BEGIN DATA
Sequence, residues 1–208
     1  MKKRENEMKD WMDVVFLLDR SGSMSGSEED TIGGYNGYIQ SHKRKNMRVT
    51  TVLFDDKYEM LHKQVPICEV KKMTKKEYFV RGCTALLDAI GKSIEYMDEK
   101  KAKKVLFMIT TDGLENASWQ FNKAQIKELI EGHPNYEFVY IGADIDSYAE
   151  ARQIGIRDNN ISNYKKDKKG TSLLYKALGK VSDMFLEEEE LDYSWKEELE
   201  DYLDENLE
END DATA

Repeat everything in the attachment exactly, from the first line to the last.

Sequence, residues 1–208
     1  MKKRENEMKD WMDVVFLLDR SGSMSGSEED TIGGYNGYIQ SHKRKNMRVT
    51  TVLFDDKYEM LHKQVPICEV KKMTKKEYFV RGCTALLDAI GKSIEYMDEK
   101  KAKKVLFMIT TDGLENASWQ FNKAQIKELI EGHPNYEFVY IGADIDSYAE
   151  ARQIGIRDNN ISNYKKDKKG TSLLYKALGK VSDMFLEEEE LDYSWKEELE
   201  DYLDENLE